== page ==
American Gabby McSween, formerly a Canadian gymnastics champion, is a devoted circus artist who loves to help young kids reach their potential through trapeze, stilts, unicycling, and clowning. But everything changes on a day in 2017 when she’s driving her van to collect her kids from school and the radio reports the story of a psychopath doctor killing a young gymnast. The news triggers Gabby to blank out and the van she is driving strikes down a little girl.
Although the little girl survives, Gabby knows the story doesn’t end there. What if she blanks out again and accidentally kills someone? After seeking medical help, she secures a label for her blanking out symptoms, and recognises it was triggered by a shameful remembrance of a similar murder three decades ago. Police had appealed for anyone with information on the brutal murder of an ex-gymnast to come forward. Gabby’s information – contained within the intimate pages of her childhood diary – would have given police a fresh suspect: the gymnastics team doctor. But she’d refused to take her diary to police, fearing they might use it as a weapon against her.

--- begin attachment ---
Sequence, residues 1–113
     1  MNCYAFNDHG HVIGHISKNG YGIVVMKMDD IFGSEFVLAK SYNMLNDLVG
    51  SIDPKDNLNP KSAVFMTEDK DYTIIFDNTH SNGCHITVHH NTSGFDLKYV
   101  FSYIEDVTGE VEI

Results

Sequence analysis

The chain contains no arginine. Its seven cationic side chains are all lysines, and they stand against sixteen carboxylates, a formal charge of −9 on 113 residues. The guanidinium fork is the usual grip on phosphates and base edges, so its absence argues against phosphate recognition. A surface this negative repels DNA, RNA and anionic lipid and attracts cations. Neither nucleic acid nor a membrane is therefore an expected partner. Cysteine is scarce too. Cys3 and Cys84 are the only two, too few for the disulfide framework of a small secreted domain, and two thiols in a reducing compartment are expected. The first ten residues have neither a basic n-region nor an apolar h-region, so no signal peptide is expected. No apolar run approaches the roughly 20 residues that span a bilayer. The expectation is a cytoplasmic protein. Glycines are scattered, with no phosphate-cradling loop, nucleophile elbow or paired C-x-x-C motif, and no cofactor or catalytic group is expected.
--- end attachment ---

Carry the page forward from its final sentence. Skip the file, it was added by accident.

Despite it being 2017, nearly three decades after the murder, the crime remains unsolved. Now Gabby has an opportunity to redeem herself and show police the diary. Travelling back to Montreal, she recovers her diary and shows police, only to have them tell her that the evidence is a long way from compelling. It’s not until Gabby faces up to a raw and devastating truth about another parental figure in her life that she realises she’s been targeting the wrong man. Now she must chase after a man who was like a second father to her, armed with nothing more than a clapped-out getaway car, a shabby training bag and a Netherland dwarf black rabbit.
The Trophy Room is based on personal experiences working with detectives to track down a perpetrator. With its alternating historical and contemporary narratives, it is like Sari Wilson’s Girl Through Glassand for its examination of elite-level gymnastics culture it is reminiscent of Megan Abbott’s You Will Know Me.